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Income and property tax policies were also put into place that, however unintentionally, privileged early-arriving homeowners over others, encouraging more people to buy and creating more demand that, in turn, drove up prices. One such measure was Proposition 13, which amended the state constitution by a popular vote in 1978 and granted people who owned homes at the time permanent reductions in property taxes. Officially titled, The People’s Initiative To Limit Property Taxation, Prop. 13 means that a homeowner who bought in the cheap real estate market of the 1970s or earlier might now pay 10¢ in property tax for every dollar a recent buyer of a similar nearby house pays.

One effect is that longtime property owners, including many boomers, or their inheritors enjoyed the benefits after Prop. 13 shifted their collective tax burden largely toward generation X and now, on millennials as they entered a much more expensive real estate market and were taxed accordingly.

Slacking on building

California’s current housing crisis was delayed during the 1990s due to a saving grace of sorts. Generation X, which is sandwiched between the boomers and millennials, was so small that their search for a place to live didn’t aggravate the housing shortage much.

But a common-sense look at population growth at the time should have triggered policy makers to alter tax, construction, and regulatory policies to facilitate an ongoing home-construction binge in urban California, especially as millennials began to reach adulthood in the 2000s.

There was what passed for a large wave of construction that decade—some analysts at the time even feared a glut, but they weren’t looking far enough ahead. And regardless, the miniature-building boom was cut short by the massive economic downturn (sparked largely by a speculation in the housing market) that began in 2008. Construction ground to a halt.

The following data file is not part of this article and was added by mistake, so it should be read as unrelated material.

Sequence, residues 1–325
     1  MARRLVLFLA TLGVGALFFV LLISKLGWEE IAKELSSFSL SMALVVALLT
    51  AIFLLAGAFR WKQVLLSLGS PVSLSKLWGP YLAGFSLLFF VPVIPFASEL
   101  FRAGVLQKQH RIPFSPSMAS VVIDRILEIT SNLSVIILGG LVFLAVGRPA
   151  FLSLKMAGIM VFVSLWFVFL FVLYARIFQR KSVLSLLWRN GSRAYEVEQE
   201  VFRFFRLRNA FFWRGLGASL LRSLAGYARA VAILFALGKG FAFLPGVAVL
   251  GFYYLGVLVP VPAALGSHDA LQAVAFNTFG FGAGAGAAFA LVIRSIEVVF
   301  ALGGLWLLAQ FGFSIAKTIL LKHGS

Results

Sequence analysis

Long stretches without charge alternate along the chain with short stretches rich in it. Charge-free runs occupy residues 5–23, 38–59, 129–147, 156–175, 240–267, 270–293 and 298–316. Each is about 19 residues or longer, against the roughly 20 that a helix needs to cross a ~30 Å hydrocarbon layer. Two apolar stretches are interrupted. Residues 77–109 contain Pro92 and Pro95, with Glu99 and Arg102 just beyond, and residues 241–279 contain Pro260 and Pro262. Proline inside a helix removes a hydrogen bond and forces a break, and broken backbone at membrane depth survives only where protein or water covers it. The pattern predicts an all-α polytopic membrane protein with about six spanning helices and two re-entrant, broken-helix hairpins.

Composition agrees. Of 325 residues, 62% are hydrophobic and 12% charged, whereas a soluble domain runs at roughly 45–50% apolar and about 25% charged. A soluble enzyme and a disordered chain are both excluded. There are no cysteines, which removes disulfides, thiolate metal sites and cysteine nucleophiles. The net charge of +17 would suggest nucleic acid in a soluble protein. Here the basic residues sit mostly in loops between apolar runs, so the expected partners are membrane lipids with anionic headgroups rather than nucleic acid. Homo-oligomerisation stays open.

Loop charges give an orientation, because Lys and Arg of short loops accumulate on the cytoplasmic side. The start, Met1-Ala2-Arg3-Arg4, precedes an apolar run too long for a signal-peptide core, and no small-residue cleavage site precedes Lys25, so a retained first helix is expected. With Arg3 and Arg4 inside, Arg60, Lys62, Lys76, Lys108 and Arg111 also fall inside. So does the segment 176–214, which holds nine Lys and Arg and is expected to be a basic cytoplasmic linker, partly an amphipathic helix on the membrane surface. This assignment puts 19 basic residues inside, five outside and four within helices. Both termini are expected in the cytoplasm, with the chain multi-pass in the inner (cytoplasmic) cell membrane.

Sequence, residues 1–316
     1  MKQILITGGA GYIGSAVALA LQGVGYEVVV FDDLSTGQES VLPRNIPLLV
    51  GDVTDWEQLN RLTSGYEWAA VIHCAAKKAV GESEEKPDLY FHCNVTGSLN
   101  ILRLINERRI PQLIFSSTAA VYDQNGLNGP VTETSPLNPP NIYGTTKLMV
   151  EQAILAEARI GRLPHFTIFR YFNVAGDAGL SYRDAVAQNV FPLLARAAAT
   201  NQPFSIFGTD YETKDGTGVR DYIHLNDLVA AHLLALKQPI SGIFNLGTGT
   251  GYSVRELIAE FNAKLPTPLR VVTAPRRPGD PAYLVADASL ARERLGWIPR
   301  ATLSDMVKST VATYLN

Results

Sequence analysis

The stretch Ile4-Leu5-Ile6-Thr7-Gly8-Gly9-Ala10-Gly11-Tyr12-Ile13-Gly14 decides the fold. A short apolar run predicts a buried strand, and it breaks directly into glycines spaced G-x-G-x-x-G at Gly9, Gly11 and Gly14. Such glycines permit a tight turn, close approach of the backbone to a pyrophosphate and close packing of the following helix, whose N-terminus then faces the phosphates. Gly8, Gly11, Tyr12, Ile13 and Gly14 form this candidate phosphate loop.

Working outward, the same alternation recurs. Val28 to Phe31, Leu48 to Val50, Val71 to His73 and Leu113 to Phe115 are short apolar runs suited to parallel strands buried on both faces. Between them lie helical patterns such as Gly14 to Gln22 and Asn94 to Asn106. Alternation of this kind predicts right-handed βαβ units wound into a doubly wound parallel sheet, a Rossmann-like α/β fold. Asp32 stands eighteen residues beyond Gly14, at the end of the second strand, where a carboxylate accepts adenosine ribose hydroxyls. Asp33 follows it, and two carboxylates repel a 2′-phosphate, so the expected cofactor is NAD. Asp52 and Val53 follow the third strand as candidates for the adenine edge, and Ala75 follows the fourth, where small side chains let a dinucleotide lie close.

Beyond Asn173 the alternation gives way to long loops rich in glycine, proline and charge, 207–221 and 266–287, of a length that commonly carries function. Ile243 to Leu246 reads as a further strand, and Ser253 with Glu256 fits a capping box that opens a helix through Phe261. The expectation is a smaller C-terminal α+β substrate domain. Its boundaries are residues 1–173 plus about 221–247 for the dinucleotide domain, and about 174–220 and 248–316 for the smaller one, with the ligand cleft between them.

A decade later, while it might seem that enormous steel cranes have become California’s new state bird, home construction still doesn’t come close to matching the natural increase in housing demand among residents. Myers says that for every two apartments or homes California currently builds, it should be constructing five to satisfy the state’s millennial-driven needs.

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In recent years, Randy Shaw, the founder of the Tenderloin Housing Clinic in San Francisco, has been struck by the depth and breadth of the housing crisis he has seen in the Bay Area and beyond as the real estate market exploded.

It led him to write Generation Priced Out: Who Gets to Live in the New Urban America. The book, which will be published in November, focuses on a young generation that largely cannot dream of affording life in America’s dynamic urban centers, even through renting. “The victims,” says Shaw in an interview, “are millennials, and the boomers don’t care.”

That may be due to the enormous profits many longtime homeowners earn when they cash out their homes. Shaw says people want to believe that the housing crisis is just something that happens based on “forces beyond their control.” But the enemy of affordable housing, he says, is often those very homeowners—not because they sell, but because they have often spent years advocating policies that make housing so unaffordable for others.

According to Dartmouth economics professor William Fischel’s Homevoter Hypothesis, homeowners have such a clear financial interest in keeping their communities up and their own property taxes down that they organize to carry outsized weight with local government.

The personal financial aspect of their efforts is not always explicit. So in places like urban or coastal California, homeowners may work against the construction of more housing for reasons ranging from aesthetics, environmentalism and nostalgia for ranch-style homes, to fear of traffic and the people who live in apartments. Their weapons include supporting zoning requirements, testifying at hearings, petitions, political pressure and lawsuits, or threats to file them.